“This is a surreal time for freedom of speech.”
He is a First Amendment activist / he likes his freedom robust / he refuses to leave censorial speech codes alone / and he is making a real difference in safeguarding free speech in America (see, e.g., here). True, there can be an irksome quality about him, or at least so think some college administrators who cabin liberty in “free speech zones” (oh, the Orwellian irony of the phrase!). There is an air of Tom Paine about him, if only in his willingness to speak boldly and perceptively about our contemporary crisis in free speech, a crisis fostered as much by close-minded liberals as by ideologically driven conservatives. And if you miss those wonderfully irreverent Christopher Hitchins broadsides, then take heed: here is someone with a dollop of the same brazen DNA. Even so, he is civil / he speaks softly / he listens to other voices / he welcomes a hearty give-and-take / and he puts his views to the test in the marketplace of ideas (see, e.g., his last book).
The man of whom I speak: Greg Lukianoff.
His broadside: Freedom from Speech (61 pp.) (paperback: $5.39 / Kindle: $4.79)
His publisher: Encounter Books.
This timely broadside is as American as blue jeans . . . and yet its message struggles to survive in a nation where governmental intolerance and groupthink orthodoxy too often rule over the minds and voices and campaigns of those who would have their messages heard. If you want a turgid academic read, avoid this work. So, too, if you want everything from the obvious to the obfuscated documented by a long string of fancy footnotes dotted with case names and the like. And if you yearn for a work that merrily balances away individual freedom of speech in the name of some professorial parlor norm, Lukianoff’s pamphlet will not be your cup of tea. Just common sense and plain speech are served up in this pamphlet in defense of free speech.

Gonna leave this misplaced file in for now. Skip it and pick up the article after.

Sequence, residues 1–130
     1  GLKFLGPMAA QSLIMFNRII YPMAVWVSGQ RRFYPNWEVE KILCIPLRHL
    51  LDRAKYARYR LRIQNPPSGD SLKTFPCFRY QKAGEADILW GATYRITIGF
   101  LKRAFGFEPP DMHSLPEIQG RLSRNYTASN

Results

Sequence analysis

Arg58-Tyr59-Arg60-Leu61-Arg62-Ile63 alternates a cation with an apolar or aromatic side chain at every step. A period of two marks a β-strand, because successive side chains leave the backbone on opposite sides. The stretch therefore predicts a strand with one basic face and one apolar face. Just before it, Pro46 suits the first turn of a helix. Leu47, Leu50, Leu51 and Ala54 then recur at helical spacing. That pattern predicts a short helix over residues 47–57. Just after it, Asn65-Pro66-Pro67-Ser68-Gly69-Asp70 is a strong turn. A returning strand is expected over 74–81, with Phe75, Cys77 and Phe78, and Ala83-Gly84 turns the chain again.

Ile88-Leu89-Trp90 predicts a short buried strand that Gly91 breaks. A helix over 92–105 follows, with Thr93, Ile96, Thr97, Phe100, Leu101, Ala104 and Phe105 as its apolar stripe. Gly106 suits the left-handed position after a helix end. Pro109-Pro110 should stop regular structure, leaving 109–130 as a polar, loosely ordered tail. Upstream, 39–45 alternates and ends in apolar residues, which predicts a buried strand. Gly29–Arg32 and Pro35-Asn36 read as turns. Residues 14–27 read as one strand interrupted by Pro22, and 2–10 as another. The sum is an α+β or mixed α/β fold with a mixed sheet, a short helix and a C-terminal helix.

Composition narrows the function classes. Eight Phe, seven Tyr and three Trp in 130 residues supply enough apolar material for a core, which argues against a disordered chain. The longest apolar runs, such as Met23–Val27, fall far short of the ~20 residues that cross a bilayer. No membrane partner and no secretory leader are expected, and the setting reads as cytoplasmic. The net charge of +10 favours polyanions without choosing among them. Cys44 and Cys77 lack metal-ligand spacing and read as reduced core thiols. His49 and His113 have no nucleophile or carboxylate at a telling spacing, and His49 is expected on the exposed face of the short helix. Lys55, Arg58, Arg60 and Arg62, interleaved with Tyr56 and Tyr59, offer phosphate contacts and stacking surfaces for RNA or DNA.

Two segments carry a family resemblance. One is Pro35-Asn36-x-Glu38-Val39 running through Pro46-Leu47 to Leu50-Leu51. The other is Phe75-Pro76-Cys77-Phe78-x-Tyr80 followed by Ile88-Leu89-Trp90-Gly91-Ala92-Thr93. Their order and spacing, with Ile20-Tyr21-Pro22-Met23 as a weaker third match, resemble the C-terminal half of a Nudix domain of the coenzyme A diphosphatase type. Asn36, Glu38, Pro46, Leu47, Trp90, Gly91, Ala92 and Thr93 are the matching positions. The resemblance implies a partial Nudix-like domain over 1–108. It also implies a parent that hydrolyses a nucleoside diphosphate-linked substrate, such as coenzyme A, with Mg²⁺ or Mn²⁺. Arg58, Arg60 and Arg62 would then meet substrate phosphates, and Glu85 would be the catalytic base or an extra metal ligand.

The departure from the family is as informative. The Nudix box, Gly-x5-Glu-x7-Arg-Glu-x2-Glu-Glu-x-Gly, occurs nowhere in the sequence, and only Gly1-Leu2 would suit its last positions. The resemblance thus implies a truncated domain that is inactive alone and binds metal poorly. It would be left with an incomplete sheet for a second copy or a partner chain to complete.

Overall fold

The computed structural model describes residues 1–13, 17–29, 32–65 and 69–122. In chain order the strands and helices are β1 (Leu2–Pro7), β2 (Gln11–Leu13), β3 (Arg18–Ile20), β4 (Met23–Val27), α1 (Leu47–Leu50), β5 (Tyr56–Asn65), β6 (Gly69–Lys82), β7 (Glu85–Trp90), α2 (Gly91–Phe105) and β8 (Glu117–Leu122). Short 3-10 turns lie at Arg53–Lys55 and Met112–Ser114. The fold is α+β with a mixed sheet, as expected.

Why the title?
Before answering that question, it is important to note that Lukianoff”s concerns are not confined to the First Amendment. Hardly. What troubles this Stanford Law School educated activist are threats to the culture of free speech in America and abroad. “People all over the globe,” he argues, “are coming to expect emotional and intellectual comfort as though it were a right.” That focus brings us back to the title. Censorship due to hypersensitivity, Lukianoff argues, “is precisely what you would expect when you train a generation to believe that they have a right not to be offended. Eventually, they stop demanding freedom of speech and start demanding freedom from speech.”
While some might reasonably take issue with the author’s criticisms of private actors punishing others for offensive speech (e.g. offensive types such as Donald Sterling, the Duck Dynasty guys, Don Imus, and Howard Stern), I nonetheless think Lukianoff makes a telling point when he highlights the growing trend, particularly on college campuses, towards various forms of what he labels a “sensitivity-based censorship.” On that score he adds: “The idea that we can truly tackle hard issues while remaining universally inoffensive — an impossible pipe dream even if it were desirable — seems to be growing increasingly popular.”
Education in censorship? Read More